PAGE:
The Czech government and medical community are addressing the acute problem of a shortage of child psychiatrists. In the General University Hospital (VFN) in Prague, a specialized ward for mentally ill children will be established to accommodate the rapidly increasing number of cases. Additionally, the daycare facility is expected to expand. The Minister of Health, Vlastimil Válek (TOP 09), and the director of VFN, David Feltl, made this announcement. The Ministry of Health also intends to prepare a crisis plan for an overall increase in psychiatrists.
The hospital plans to invest 140 million Czech crowns in expanding child psychiatric care. The reconstruction of the existing outdated spaces of the psychiatric clinic will be carried out in stages. “Approximately 90 million crowns in funding will be allocated to provide patients with comfortable facilities that meet modern requirements for outpatient care, emphasizing a certain level of privacy,” said Feltl. An additional 50 million crowns will be allocated to construct a ward. However, the hospital management did not disclose the expected timeline for the completion of the reconstruction.
“In the course of healthcare reform, the need for psychiatrists was overlooked. When I took office as the Minister, I knew all child psychiatrists by name,” Minister Válek stated with a touch of irony. The construction of children’s beds is deemed essential, according to him. “Within residential programs for the next year, we will support child psychiatry and adult psychiatry. Accessibility must be widespread,” added the Minister, emphasizing the importance of adolescent psychiatry. The number of adolescents in need of psychiatric care is increasing significantly.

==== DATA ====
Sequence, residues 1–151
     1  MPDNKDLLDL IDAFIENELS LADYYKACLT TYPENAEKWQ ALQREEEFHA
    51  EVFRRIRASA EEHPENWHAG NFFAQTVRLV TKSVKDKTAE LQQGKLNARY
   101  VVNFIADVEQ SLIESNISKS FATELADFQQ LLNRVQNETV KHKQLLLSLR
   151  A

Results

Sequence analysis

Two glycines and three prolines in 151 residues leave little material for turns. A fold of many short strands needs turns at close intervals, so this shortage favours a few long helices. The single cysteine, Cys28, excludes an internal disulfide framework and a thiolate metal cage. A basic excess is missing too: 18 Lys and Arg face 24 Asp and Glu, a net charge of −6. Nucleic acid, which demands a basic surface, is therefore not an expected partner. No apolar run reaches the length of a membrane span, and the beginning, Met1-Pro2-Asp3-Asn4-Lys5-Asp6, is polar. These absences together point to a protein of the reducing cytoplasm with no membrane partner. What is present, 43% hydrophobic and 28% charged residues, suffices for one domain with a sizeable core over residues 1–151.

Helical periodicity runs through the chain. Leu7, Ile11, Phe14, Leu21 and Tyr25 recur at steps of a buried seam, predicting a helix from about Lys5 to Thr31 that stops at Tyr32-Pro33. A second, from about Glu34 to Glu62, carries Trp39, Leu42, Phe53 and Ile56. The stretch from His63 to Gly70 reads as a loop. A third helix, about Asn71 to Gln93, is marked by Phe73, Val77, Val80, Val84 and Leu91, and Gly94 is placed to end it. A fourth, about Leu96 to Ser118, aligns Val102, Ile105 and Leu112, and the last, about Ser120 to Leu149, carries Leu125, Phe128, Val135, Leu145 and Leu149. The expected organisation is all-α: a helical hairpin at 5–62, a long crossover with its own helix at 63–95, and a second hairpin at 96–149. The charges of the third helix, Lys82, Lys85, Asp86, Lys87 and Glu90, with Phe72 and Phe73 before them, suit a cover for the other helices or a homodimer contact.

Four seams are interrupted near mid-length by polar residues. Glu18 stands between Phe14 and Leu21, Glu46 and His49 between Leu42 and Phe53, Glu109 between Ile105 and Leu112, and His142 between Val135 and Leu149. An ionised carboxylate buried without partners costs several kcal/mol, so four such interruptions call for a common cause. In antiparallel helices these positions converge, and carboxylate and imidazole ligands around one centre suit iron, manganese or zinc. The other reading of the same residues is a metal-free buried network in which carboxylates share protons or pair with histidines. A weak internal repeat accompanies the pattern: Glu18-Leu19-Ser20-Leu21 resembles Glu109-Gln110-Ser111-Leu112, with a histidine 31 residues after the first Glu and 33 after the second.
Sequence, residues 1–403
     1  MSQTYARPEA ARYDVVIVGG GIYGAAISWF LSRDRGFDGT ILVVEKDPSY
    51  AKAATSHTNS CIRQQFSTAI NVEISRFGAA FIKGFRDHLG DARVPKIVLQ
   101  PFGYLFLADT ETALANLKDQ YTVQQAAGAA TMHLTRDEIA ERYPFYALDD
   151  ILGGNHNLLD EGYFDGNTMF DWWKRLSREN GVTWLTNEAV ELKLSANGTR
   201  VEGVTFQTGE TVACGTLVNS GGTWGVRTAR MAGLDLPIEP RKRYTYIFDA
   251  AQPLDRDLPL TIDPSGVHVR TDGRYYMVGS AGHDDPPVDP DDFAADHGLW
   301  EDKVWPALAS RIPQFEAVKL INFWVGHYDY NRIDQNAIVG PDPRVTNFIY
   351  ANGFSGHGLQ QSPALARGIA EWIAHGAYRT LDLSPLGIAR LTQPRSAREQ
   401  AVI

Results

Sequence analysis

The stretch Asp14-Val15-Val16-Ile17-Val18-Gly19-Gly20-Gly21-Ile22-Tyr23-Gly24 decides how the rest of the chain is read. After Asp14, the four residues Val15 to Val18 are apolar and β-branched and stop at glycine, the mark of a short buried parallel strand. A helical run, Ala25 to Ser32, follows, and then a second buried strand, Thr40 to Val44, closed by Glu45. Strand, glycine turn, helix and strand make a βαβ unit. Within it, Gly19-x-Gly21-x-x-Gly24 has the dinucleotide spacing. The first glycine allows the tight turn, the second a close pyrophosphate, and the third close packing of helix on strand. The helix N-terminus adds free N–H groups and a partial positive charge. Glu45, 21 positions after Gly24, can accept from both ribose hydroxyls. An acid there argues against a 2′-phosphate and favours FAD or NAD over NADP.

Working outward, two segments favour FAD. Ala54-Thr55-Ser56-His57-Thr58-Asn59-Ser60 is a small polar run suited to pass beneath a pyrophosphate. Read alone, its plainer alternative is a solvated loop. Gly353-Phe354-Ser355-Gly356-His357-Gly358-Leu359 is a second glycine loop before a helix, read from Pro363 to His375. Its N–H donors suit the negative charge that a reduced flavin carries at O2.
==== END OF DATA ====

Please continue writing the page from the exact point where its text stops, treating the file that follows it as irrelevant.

This statement was supported by the head of the psychiatric clinic at the hospital, Martin Anders. “The blame lies with social media, the COVID-19 pandemic, and the stressful period surrounding the war in Ukraine,” he said. He also mentioned that the hospital previously had a ward for mentally ill children. “Due to lack of interest, we closed it, but now we need to revive it,” added Anders.
Detoxification: 125 Children and Adolescents Admitted This Year
Eight patients, aged 14 to 18, attended the daily care facility in the Prague hospital. They come in from 8 a.m. to 3 p.m. and suffer from depression, anxiety, phobias, or eating disorders.
According to psychologist Tereza Podávková, the daily care facility is not recommended for patients with suicidal tendencies or those addicted to substances. These individuals receive treatment at the detoxification center, which has been operating in the hospital for two and a half years and has eight beds – four for girls and four for boys. 125 children and adolescents have been treated there this year, compared to 212 last year.
“Their average age is 16, and they are most commonly dependent on methamphetamine and marijuana,” said the head physician of the center, Marek Hajný. Only one-third of them come from Prague: due to a lack of capacity throughout the Czech Republic, children and adolescents from all over the country come to the Prague hospital for treatment.
The inadequate facilities are the biggest problem faced by the center, as the detoxification center for children is located in the same building as the women’s psychiatric ward.